10 great places to read a book--USA Today 3/7/08

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10 great places to find a nook and read a book

It's enough to make librarians kick up their heels: We're nearing the end of Return Borrowed Books Week, we're just past Library Lovers Month, and National Library Week is April 13-19. That's reason aplenty to check in with NPR book commentator Nancy Pearl, author of Book Lust. She shares her list of favorite public libraries with Tim Smight for USA TODAY.
Louisville Free Public Library (Crescent Hill Branch)

Constructed in 1908, Crescent Hill is one of nine area public libraries endowed by industrialist/philanthropist Andrew Carnegie. The elegant, columned building underwent a major renovation in the early 1990s, leaving its original design intact. "I especially love the children's wing, which has wonderful murals and a small, room-sized castle where kids can read, play and listen to stories," Pearl says. 502-574-1793; lfpl.org/branches/crescent-hill.htm

Snohomish Library
Snohomish, Wash.

"What will immediately strike you when you walk into the Snohomish Library is the abundance of natural light," Pearl says. "Even during those gray and rainy winter days, it feels as though the windows are catching sunlight and magnifying it." Built in 2003, the spacious library of contemporary design "has lots of nooks and comfortable seating where you can settle down with a good book." 877-766-4753; sno-isle.org/page/?ID=1207

Cuyahoga County Public Library (South Euclid Branch)
South Euclid, Ohio

"Built in 1928, this library is the former residence of William Telling, a wealthy Ohioan," Pearl says. "His mansion is like a dream of a library with beautiful leaded windows, a reading garden with a fountain and 26 different rooms." Among them: a greenhouse, an aviary and a cozy study. "Although the past is very much alive here, the needs of present-day library users — for new books, Internet access, discussion groups and homework help — are not neglected." 216-382-4880; cuyahogalibrary.org/branch.aspx?id=824

Rapid City Public Library
Rapid City, S.D.

"When I first walked into this beautiful library, I was struck by how sunny, vibrant and yet cozy it felt," Pearl says. "There's a solarium on the first floor filled with comfy chairs and an aquarium stocked with South Dakota game fish." The library also offers a pair of unique programs: No School Discovery Days, which feature special activities on school holidays, and a lunchtime speakers program for adults. 605-394-6139; rapidcitylibrary.org

Main Library
Oak Park, Ill.

Art lovers shouldn't miss this library, Pearl says. "Not only is there a dedicated art gallery, which has monthly displays of works by local artists, there are splendid examples of public art throughout the building — from quilts to sculptures to stained glass. I also enjoy reading the literary quotations scattered on walls throughout the library." 708-383-8200; www.oppl.org/main/index.htm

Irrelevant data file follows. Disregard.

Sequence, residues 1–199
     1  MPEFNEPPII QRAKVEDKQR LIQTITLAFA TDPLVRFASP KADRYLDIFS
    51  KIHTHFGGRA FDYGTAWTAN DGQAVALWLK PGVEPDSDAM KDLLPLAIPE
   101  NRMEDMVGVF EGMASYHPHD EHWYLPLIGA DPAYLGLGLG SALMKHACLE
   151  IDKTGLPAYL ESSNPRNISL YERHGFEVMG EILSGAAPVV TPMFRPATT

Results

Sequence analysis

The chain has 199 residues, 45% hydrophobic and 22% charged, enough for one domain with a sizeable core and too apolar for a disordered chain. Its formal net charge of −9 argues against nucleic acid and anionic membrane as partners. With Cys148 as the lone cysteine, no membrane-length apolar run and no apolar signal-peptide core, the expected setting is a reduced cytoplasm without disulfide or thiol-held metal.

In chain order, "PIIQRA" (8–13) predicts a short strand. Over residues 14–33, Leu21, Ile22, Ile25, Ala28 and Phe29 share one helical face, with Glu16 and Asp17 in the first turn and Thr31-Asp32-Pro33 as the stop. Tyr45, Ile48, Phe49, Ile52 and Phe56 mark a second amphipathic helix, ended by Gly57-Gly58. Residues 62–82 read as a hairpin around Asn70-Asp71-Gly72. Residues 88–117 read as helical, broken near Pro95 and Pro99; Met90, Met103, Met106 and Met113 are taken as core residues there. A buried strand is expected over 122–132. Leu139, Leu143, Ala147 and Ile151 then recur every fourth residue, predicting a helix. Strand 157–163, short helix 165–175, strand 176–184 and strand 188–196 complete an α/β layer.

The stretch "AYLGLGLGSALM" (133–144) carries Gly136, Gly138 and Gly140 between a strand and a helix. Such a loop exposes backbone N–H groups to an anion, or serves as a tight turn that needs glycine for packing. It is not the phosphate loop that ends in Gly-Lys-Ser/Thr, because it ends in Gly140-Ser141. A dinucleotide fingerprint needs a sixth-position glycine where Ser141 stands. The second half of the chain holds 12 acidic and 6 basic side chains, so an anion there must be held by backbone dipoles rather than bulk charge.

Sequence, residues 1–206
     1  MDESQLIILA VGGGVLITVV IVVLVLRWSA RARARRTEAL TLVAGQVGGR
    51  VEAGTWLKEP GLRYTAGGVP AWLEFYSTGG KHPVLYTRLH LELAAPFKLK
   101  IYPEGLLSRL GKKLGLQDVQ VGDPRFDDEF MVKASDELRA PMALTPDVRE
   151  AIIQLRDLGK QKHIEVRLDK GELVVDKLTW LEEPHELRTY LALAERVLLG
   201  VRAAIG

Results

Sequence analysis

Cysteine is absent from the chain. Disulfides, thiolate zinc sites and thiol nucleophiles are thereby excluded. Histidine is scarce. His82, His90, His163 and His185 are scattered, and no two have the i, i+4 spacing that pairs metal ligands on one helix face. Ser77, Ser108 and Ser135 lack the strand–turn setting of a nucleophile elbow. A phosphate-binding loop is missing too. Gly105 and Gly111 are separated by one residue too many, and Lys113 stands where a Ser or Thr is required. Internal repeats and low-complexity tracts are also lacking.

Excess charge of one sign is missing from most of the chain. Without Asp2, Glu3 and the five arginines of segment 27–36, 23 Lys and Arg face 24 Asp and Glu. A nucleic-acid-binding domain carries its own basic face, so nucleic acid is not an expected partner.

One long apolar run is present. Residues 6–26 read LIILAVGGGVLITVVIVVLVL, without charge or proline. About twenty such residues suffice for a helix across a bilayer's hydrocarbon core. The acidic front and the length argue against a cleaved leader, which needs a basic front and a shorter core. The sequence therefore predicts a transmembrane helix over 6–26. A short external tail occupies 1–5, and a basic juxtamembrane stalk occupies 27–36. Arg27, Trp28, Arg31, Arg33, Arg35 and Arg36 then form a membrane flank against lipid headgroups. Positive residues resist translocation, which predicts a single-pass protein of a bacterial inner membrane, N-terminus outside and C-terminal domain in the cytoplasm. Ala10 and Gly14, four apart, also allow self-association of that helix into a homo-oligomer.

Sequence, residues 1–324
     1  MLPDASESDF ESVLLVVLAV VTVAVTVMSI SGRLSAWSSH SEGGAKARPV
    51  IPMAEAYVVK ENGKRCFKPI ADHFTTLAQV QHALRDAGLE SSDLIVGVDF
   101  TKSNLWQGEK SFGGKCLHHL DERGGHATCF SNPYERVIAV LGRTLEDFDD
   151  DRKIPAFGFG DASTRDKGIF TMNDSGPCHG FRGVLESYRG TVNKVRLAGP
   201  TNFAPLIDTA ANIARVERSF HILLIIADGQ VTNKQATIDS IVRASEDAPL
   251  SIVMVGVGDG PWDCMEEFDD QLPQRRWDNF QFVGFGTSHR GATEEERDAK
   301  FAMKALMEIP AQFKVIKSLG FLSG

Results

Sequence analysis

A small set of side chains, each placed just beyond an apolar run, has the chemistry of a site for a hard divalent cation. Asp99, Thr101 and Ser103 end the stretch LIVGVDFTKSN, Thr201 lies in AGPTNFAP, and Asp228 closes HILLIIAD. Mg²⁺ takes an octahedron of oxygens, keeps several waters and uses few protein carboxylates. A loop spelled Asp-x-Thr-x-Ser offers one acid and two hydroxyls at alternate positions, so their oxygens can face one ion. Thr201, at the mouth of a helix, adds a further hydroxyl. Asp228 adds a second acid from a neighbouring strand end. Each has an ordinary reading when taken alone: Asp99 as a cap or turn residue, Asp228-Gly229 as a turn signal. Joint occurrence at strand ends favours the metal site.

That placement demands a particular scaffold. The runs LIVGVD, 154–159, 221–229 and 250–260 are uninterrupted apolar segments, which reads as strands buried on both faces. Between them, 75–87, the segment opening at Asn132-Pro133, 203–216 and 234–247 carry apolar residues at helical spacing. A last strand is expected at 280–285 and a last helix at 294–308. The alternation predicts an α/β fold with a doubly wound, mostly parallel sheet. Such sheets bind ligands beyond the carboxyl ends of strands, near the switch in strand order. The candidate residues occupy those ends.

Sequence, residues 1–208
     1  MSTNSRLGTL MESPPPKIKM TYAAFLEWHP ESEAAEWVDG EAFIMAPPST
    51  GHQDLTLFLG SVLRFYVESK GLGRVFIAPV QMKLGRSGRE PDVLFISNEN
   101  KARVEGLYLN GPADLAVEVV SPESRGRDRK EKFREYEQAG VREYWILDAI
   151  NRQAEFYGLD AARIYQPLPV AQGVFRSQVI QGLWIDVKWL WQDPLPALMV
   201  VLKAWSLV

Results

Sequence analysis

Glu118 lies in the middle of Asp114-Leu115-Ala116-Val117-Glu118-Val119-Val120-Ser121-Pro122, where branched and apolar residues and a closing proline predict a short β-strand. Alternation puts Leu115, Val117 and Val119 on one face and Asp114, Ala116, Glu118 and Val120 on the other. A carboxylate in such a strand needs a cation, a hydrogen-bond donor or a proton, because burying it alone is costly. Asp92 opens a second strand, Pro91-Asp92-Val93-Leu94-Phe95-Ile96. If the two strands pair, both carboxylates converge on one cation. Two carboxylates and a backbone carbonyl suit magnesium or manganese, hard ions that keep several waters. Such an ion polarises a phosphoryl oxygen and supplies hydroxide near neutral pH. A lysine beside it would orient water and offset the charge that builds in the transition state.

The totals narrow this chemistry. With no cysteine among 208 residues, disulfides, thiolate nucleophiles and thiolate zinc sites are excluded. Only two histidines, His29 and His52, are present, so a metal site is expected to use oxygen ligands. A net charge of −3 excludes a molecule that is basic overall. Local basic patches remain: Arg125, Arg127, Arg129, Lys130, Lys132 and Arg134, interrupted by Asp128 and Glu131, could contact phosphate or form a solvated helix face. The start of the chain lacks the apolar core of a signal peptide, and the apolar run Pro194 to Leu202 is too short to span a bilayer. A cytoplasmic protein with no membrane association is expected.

Milwaukee Central Library

This grand old library, built in 1898, displays French and Italian Renaissance architectural styles. Several additions help comprise the block-long building that stands today. "Two things that make a visit here most unforgettable are the grand staircase and the domed rotunda that separates the building's east and west wings," Pearl says. "The library has all the bells and whistles that today's modern users expect, yet it still gives the impression of being a cherished old friend." 414-286-3000; mpl.org/file/branch_central.htm

Laramie County Library in Cheyenne
Cheyenne, Wyo.

This brand-new facility opened in September 2007 and boasts more than 100,000 square feet sprawled over three floors. Among amenities are more than 70 computer stations, eight quiet study rooms and a coffeehouse. "But what really stands out for me is the library's second floor, which is devoted to children and teens," Pearl says. "There's a loft area for reading, and kids of all ages can exercise their imaginations at an interactive center where they can create their own short animated films." 307-634-3561; lclsonline.org

The Library Station
Springfield, Mo.

Sitting in the southwest corner of Missouri, Springfield was a key stopover for those traveling the famed national highway, Route 66. With that kind of historical link, it's fitting that this popular branch of the Springfield-Greene County Library District is devoted to the theme of transportation. "You can walk Route 66 on the library floor, and an operating miniature train runs along the perimeter of the children's area," Pearl says. 417-865-1340; thelibrary.org/about/hours.cfm

Burton Barr Central Library

With a design inspired by Arizona's Monument Valley, this striking building includes a five-story atrium, nine huge skylights and a 43,000-square-foot Great Reading Room that occupies the entire fifth floor. "The building also sports glass-enclosed elevators and a grand staircase that's surrounded by a stunning reflecting pool," Pearl says. "Among other amenities, Burton Barr has a highly regarded Special Needs Center and a Teen Center with a 'surround sound' room where kids can watch DVDs." 602-262-4636; phoenixpubliclibrary.org/branchinfo.jsp?bid=BBB

Minneapolis Central Library

"I was lucky enough to visit this Cesar Pelli-designed facility shortly after it opened in 2006," Pearl says. "I was totally taken with the openness and ease of finding my way around its four floors. You can actually see most of the library from wherever you're standing. There are cozy reading lofts, fireplaces on each floor and more than 300 computers with Internet access for free public use." 612-630-6000; mpls.lib.mn.us/central.asp

Readers, let's hear your book-borrowing confessions. What books have you never brought back to the library? Share below.

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